Patterico's Pontifications

6/5/2010

Intelligence Thoughts

Filed under: Obama,Terrorism — DRJ @ 12:06 pm



[Guest post by DRJ]

Ed Morrissey has some thoughts about James Clapper, President Obama’s nominee for Director of National Intelligence:

“If anything, Clapper’s nomination to the post highlights both the lack of competence at the White House and the structural problems created by the reorganization of the intel communities five years ago. Why would Obama choose someone who has spent the last couple of years attempting to make the position weaker? And why are we still looking to find the next unlucky candidate to get all the blame and little authority, rather than undoing the 9/11 Commission “reform” and fixing the very obvious problems in organization, lines of authority, and turf battles in the American intelligence community? Blair’s resignation gives us an opportunity to fix those problems, but Obama seems intent on making them even worse.”

I’ll be the first to admit I don’t know much about the topic so consider this post an invitation to pontificate on the topic and educate me. But my thoughts about Clapper’s nomination are positive for at least three reasons:

  • As discussed in Ed’s post, Clapper apparently believes Saddam sent his WMDs to Syria before the Iraq War. If so, then perhaps Clapper hasn’t drunk the Democrats’ Kool-Aid when it comes to Iraq and other terrorism issues. That he has a long career in intelligence and was an investigator in the Khobar Towers bombing also makes me hope he is deadly serious about terrorism.
  • Clapper has broad experience with a range of intelligence assets. Not only has he has worked extensively with satellite intelligence resources, but his belief in human intelligence earned him the nickname Godfather of HUMINT. Thus, I am encouraged that Clapper legitimately advocates the synthesis of various elements of intelligence – human intelligence, communication, electronic, imagery, geospatial, financial and other methods – which he says “all contribute to the war on terrorism.”
  • I don’t think reforms exist that can resolve the turf wars between the CIA, the FBI, the military, and other intelligence agencies. Further, I’m not sure a monolithic intelligence agency would be effective. By choosing Clapper, I wonder if Obama isn’t acknowledging that — for now — the military plays the primary role in fighting terrorism, and his intelligence chief must have a good working relationship with the Pentagon?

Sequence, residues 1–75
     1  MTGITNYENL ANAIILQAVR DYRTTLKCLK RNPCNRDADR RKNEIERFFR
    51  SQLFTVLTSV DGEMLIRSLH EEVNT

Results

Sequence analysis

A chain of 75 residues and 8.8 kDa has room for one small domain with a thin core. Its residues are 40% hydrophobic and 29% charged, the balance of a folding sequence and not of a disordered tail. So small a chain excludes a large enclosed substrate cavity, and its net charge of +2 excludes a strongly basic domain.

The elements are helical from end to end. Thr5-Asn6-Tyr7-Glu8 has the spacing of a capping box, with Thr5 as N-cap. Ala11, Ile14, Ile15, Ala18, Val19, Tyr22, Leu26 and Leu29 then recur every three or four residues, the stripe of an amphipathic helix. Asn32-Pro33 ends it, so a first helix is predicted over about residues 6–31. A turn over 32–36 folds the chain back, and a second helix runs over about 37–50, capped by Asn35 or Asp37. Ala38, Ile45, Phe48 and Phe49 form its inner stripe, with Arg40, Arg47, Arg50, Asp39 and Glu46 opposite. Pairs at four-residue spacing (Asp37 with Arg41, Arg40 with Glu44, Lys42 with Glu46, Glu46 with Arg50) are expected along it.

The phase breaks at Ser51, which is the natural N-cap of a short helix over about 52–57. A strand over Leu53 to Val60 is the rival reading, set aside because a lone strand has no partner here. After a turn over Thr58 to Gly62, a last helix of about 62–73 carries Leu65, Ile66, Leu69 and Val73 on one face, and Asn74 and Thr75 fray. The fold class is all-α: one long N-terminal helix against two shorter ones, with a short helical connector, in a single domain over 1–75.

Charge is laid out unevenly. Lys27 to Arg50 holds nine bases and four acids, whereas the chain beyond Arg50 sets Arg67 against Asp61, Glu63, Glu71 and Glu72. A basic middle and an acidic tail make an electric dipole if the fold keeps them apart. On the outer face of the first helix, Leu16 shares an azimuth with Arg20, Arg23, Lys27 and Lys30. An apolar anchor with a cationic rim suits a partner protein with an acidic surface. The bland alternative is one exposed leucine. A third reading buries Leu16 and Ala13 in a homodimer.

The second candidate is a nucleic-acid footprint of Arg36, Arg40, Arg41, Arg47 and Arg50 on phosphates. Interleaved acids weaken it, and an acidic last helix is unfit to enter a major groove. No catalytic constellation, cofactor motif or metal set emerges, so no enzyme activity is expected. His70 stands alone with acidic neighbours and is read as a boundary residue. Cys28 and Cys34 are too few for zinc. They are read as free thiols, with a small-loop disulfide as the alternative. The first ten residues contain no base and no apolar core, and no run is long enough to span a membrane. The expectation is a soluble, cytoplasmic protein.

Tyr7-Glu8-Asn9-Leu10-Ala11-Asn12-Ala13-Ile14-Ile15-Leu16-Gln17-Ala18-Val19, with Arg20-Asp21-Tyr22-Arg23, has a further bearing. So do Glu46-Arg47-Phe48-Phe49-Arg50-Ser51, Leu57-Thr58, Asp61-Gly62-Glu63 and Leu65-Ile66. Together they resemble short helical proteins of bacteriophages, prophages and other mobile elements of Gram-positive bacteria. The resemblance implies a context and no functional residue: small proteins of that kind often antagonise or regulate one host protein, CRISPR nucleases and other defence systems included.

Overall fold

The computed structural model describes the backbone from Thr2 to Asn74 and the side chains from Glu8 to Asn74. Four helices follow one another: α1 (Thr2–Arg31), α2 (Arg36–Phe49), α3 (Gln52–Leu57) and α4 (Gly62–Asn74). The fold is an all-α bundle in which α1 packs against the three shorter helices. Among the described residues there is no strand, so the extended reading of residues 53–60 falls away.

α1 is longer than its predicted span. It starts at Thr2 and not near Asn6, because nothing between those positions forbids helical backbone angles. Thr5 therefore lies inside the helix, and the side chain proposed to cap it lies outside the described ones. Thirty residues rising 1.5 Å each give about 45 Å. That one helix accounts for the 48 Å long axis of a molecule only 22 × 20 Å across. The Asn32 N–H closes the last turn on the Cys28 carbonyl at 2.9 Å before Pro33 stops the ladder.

• In other words, I support Obama’s decision.

    Fire away, mates.

    — DRJ

    4 Responses to “Intelligence Thoughts”

    1. Greetings:

      Lord knows, Saddam certainly had plenty of time to ship his WMDs to Syria while we were putz-ing around with the inimitable UN. For me, it’s a good conclusion and a good sign that he has held onto it in spite of all the nattering nabobs.

      11B40 (98b23c)

    2. if Ear Leader appointed someone competent, it must have been an accident. look for him to be fired the next time the regime has to explain why a jihadi got through all the alleged layers of security.

      if you are truly cynical, maybe they know something big is coming, and are setting up the competent people to take the blame, so they can further gut our defenses because “see, they don’t w*rk”…

      that scenario i have no problem seeing the regime playing.

      redc1c4 (fb8750)

    3. ROFL – this is great. How many times have people who mentioned this possibility with respect to Iraqi WMD been ridiculed by the BDS sufferers?

      I’m just hurting my sides with laughter.

      SPQR (26be8b)

    4. I’ve been in Intel for about 10 years now and I can attest to the fact that information sharing is a real problem. The problem; however, works both ways. There are three main classifications for information but there are also numerous caveatrs associated with those classifications. the caveats are based primarily on source info. Source and collection methods are the biggest concern when it comes to information sharing and will more often than not hinder the information flow more than anything. It is certainly understandable, and right, that they do this. In order to have access to caveated info, you must first be read on and approved to view that info. Just because you work in intel it does not mean you have access to all of it. Every element has its specific function and only the workers within that element should have access.

      The US has to closely guard its information because revelation of sources and collection means can do great harm to us as a nation or our allies. If you recall a few years back, I don’t remember the individual in particular, but there was a boneheaqded Senator that announced publicly to the media that we were tracking Bin Laden’s phone. Well, that revealed a capability the US had and shortly after this pronouncement, that phone was no longer used. The more people that have access to info, the more of a chance that it will get leaked out and our methods become null.

      That being said, info can also be scrubbed, to a degree, of information that reveals the collection means. This helps to downgrade the classification and assists in the ingest to other intelligence agencies. Unfortunately not all info can go through this process. It can be frustrating but understandably it can also be necessary. There are turf wars but not to the extent that is played out in the media. Info has to be safeguarded and caution must at all times be exercised.

      From what I am reading of Clapper, it sounds like he may be the man for the job. I cannot tell you how I know, but I theorized years ago that Iraq sent its WMD collection to Syria prior to the US invasion. I still believe that to this day.

      Paul Abraham (f1fbd3)


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